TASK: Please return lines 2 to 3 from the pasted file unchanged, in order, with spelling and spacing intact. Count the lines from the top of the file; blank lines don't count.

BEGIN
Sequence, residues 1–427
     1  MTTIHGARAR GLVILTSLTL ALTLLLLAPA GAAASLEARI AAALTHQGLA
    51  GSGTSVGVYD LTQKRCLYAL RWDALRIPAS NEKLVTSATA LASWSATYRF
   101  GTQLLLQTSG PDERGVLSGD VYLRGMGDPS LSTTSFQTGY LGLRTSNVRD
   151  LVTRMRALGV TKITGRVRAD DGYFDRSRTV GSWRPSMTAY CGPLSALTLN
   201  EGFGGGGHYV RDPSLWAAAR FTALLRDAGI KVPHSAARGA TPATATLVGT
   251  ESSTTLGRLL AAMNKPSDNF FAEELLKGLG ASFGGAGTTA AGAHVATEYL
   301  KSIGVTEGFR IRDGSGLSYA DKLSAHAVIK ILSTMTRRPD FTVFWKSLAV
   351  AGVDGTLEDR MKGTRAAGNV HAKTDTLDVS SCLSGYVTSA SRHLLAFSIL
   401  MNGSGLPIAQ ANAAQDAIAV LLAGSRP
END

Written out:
     1  MTTIHGARAR GLVILTSLTL ALTLLLLAPA GAAASLEARI AAALTHQGLA
    51  GSGTSVGVYD LTQKRCLYAL RWDALRIPAS NEKLVTSATA LASWSATYRF